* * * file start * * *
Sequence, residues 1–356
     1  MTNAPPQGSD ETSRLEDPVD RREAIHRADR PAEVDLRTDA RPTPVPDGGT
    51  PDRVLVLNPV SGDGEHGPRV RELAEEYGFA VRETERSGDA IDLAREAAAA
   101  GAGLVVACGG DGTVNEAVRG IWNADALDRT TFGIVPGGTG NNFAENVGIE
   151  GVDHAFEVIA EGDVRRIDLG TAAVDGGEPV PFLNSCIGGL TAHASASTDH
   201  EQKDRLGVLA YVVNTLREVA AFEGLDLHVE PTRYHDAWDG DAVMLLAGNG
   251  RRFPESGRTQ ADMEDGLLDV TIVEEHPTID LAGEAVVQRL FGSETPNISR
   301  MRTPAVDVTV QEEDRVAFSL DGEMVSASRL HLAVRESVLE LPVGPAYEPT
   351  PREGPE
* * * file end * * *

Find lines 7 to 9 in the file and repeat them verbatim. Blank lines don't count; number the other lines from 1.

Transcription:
   251  RRFPESGRTQ ADMEDGLLDV TIVEEHPTID LAGEAVVQRL FGSETPNISR
   301  MRTPAVDVTV QEEDRVAFSL DGEMVSASRL HLAVRESVLE LPVGPAYEPT
   351  PREGPE